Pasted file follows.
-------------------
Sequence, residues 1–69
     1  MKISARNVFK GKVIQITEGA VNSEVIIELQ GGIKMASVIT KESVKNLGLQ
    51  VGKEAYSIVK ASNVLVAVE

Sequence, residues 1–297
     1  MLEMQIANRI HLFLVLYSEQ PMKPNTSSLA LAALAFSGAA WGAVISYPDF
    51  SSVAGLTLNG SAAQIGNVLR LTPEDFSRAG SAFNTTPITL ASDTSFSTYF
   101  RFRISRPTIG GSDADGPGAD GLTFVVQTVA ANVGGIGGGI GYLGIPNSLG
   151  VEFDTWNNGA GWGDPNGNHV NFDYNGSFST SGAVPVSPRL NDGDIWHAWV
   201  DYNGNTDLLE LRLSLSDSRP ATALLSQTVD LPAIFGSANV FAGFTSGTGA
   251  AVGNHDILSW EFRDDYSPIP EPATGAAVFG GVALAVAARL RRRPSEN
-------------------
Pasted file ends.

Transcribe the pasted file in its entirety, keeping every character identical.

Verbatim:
Sequence, residues 1–69
     1  MKISARNVFK GKVIQITEGA VNSEVIIELQ GGIKMASVIT KESVKNLGLQ
    51  VGKEAYSIVK ASNVLVAVE

Sequence, residues 1–297
     1  MLEMQIANRI HLFLVLYSEQ PMKPNTSSLA LAALAFSGAA WGAVISYPDF
    51  SSVAGLTLNG SAAQIGNVLR LTPEDFSRAG SAFNTTPITL ASDTSFSTYF
   101  RFRISRPTIG GSDADGPGAD GLTFVVQTVA ANVGGIGGGI GYLGIPNSLG
   151  VEFDTWNNGA GWGDPNGNHV NFDYNGSFST SGAVPVSPRL NDGDIWHAWV
   201  DYNGNTDLLE LRLSLSDSRP ATALLSQTVD LPAIFGSANV FAGFTSGTGA
   251  AVGNHDILSW EFRDDYSPIP EPATGAAVFG GVALAVAARL RRRPSEN